Psychological and sexual abuse; Complaints
Sex discrimination in the form of sexual harassment, defined as the
use of one’s authority or power, either explicitly or implicitly, to
coerce another into unwanted sexual relations to punish another for
his or her refusal, or as the creation by a member of the University
community of an intimidating, hostile, or offensive working or educational
environment through verbal or physical conduct of a sexual nature, is
a violation of the University’s human rights policy. (University
Handbook, vol. IV, p. 44).
Sexual harassment and exploitation (a) abuse the rights and the trust
of those who are subjected to such conduct; (b) may influence the academic
and professional advancement of medical trainees in a manner that is
unrelated to their scholastic or clinical performance; (c) may harm
professional working relationships; and (d) are likely to jeopardize
patient care. Sexual harassment and exploitation in medical training
programs are therefore highly unethical.
Consensual sexual relationships between a medical trainee and a supervisor,
when the supervisor has professional responsibility for the trainee,
are objectionable because of the potential for exploitation and the
potential impact on patient care. Consensual sexual relationships
between a medical trainee and a supervisor when no professional relationship
exists may also be a cause for concern.
Anybody who experiences sexual harassment should contact the Residency
Training Director or any faculty member who can discuss the formal and
informal actions that are available.
Psychological abuse is defined as any communication or interaction
with a Resident that is patently anti-educational or dehumanizing (examples:
insults, name calling, harassment, inappropriate shouting at the resident,
withholding clinical guidance or supervision, etc.).
Residents who experience psychological abuse will follow the procedures
outlined in the conflict resolution policy, or will directly contact
the Residency Training Director to discuss alternative action plans.
Residents who have a complaint, or who wish to notify the Residency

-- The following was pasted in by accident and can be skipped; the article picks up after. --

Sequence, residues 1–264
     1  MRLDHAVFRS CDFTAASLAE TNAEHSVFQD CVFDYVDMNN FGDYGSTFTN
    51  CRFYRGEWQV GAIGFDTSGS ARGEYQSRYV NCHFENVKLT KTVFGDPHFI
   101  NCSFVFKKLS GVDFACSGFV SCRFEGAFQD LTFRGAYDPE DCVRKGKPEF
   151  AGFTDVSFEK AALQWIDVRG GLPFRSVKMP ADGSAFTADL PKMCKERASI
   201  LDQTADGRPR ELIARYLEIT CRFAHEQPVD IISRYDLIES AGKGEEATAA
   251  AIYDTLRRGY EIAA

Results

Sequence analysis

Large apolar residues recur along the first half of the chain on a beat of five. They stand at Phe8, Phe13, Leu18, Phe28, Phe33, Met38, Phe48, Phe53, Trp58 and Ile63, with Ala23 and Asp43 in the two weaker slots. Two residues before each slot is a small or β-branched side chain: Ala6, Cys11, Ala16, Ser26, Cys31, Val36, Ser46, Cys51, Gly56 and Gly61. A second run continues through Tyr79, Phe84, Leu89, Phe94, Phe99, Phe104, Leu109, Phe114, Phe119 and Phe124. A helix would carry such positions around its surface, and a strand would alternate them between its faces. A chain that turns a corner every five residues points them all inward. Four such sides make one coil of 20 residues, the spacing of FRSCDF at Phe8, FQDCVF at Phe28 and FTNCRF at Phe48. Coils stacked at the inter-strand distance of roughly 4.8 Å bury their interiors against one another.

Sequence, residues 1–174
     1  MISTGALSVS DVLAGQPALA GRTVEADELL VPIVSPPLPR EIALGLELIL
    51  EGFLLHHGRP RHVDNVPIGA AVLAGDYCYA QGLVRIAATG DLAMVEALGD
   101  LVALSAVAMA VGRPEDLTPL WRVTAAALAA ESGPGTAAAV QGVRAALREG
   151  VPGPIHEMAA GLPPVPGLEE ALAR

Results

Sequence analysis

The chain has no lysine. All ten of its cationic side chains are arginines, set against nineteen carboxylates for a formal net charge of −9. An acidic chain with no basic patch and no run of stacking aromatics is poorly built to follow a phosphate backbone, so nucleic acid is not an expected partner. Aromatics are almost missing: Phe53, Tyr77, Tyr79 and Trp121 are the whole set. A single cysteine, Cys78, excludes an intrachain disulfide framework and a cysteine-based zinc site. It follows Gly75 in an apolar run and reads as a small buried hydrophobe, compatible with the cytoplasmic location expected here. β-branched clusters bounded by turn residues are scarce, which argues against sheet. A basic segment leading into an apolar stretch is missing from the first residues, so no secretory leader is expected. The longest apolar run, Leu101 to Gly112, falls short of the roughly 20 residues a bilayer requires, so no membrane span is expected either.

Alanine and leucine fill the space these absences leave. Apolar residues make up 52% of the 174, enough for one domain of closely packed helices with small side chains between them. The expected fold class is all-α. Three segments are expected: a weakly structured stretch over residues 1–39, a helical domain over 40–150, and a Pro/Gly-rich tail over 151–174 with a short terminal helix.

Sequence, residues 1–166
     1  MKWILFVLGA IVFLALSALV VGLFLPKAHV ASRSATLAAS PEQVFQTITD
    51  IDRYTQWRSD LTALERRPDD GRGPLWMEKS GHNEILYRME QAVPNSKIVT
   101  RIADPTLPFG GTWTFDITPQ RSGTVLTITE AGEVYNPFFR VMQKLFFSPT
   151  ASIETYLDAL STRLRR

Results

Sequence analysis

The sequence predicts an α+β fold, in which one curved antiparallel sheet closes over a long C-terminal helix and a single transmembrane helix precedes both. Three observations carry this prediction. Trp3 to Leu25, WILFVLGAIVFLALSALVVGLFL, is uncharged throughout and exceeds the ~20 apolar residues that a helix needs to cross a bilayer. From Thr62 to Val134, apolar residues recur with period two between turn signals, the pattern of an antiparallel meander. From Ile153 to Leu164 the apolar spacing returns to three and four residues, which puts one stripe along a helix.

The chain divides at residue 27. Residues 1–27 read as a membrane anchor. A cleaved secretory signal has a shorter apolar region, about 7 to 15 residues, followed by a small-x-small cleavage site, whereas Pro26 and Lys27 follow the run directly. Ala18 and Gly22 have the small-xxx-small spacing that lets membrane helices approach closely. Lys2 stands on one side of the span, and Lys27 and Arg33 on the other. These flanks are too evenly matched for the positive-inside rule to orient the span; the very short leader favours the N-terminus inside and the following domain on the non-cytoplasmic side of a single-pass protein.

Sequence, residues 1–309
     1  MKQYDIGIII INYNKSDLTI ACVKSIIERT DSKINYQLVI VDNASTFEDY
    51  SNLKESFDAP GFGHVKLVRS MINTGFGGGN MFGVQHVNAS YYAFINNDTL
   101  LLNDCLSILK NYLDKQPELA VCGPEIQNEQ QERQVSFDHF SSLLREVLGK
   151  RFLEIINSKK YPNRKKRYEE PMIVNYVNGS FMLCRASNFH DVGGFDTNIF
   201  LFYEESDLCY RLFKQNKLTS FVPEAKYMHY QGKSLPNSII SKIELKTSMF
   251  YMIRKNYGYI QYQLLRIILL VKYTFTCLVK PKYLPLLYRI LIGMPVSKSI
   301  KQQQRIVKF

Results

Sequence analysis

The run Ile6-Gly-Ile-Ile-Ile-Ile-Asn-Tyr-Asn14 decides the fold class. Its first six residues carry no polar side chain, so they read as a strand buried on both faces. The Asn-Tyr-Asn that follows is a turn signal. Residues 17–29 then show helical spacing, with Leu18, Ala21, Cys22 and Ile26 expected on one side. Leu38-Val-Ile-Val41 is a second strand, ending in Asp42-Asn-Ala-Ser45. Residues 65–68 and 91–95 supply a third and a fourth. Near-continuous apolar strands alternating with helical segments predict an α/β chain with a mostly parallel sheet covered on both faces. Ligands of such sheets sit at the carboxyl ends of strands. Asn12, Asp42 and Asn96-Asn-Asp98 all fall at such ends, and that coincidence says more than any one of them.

Training Director of an incident, may wish to contact the Director personally,
or may use the “Faculty/Resident Incident Report” (see Appendix C).
The filing of this report is a first step and only documents the Resident’s
side of the incident. In further discussions with the Residency
Training Director, or your Preceptor, or the Site Coordinator, you may
wish to plan further action along the procedural lines outlined above.
The Residency Training Director is especially responsible for assuring
the rights of both trainees and supervisors to due process and for protecting
the confidentiality of those involved to the greatest extent possible.
Psychological and Sexual Abuse
The Statues of the State of Washington (RCW
70.124) mandate the protection of patient rights.
Child and Elderly Abuse
Psychological abuse, in this context, is defined as any communication
or interaction with a patient that is patently anti-therapeutic, dehumanizing,
or that places the patient under excessive duress for non-therapeutic
reasons (examples: name calling, use of derogatory nicknames, social
slurs, demeaning remarks, inappropriate shouting at patient, inappropriately
supporting a patient’s delusional system, anti-therapeutic social
involvement with patients, etc.)
Sexual abuse is defined as any sexual contact between Resident and
patient, physical or psychological (e.g., suggestive remarks, sexual
jokes, inappropriate sharing of sexual stories), solicited or unsolicited.
Any person hearing of psychological or sexual abuse is required to
immediately notify the site coordinator or Residency Training Director,
who will initiate the formal procedures set forth in the residency
performance evaluation policy.
Washington State laws require health professionals to report
child abuse and elderly abuse. When you suspect abuse, immediately
contact you rotation Attending to discuss reporting.